I work in patient services for a medical company that provides elective surgeries, and with most elective procedures canceled, I’ve been laid off for the duration of the coronavirus crisis. My wife is an interior designer, and she’s been laid off, too. Her clients have delayed or canceled jobs because they are understandably worried about having workers in their homes while coronavirus is raging.

Because the bulk of my wife’s work is for a firm, and she was an employee, she quickly qualified for unemployment, which will help. I am an independent contractor, so technically am self-employed. My application for unemployment was denied, though I am appealing that decision.

When we called our mortgage lender to see if we might qualify for a payment reduction during the time we’re out of work, they offered something that at first sounded great: suspension of payments for three months. Then we read the fine print. Yes, we wouldn’t have to make the payments now, but in three months, the bill for them would come due.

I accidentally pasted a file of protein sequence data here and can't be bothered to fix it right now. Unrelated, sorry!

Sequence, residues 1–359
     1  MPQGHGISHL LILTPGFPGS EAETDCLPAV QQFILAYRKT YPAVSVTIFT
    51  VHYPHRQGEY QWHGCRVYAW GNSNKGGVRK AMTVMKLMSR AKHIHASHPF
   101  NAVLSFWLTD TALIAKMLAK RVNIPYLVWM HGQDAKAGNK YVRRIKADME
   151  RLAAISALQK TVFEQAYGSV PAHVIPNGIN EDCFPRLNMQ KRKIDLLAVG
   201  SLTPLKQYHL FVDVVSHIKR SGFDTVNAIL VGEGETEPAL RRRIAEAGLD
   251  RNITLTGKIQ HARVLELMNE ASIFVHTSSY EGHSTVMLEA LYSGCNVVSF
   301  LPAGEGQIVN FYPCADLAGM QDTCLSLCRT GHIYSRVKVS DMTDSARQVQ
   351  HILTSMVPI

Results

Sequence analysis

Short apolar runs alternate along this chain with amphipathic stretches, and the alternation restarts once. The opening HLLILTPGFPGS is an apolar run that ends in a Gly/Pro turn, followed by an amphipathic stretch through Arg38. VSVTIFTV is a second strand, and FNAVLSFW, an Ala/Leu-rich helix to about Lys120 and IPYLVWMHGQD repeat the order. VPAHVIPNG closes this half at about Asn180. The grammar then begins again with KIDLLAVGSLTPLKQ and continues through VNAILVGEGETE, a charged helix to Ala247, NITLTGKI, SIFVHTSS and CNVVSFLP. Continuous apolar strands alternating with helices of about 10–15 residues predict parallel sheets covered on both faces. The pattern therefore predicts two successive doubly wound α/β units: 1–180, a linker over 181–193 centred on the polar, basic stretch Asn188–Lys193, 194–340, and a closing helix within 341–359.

That sounds terrifying. We have no way of knowing whether we’ll have our jobs back in three months, and even if we do, we aren’t going to get a sudden infusion of cash that will cover three months of back mortgage payments. We worry that if we take this deal, we’ll be facing foreclosure down the road.

In New York, Gov. Mario Cuomo has asked lenders to suspend mortgage payments for three months to customers facing financial stress because of coronavirus. Under his plan, repayment would be tacked onto the end of the mortgage, so people would simply take a bit longer to repay the loan. That sounds entirely reasonable.


My wife and I are doing what we’ve been asked to do. Staying in much of the time. My wife fights the boredom with jigsaw puzzles and old movies; I’ve done some catching up on old sports and organizing of the garage. We walk the dogs — maintaining 6-foot distances from any neighbors we see — and go out to market as needed.

And we worry.

We need the kind of relief Cuomo has called for in New York in California, too.

--Paul Morris III
Morris is sitting out the coronavirus crisis in Sherman Oaks.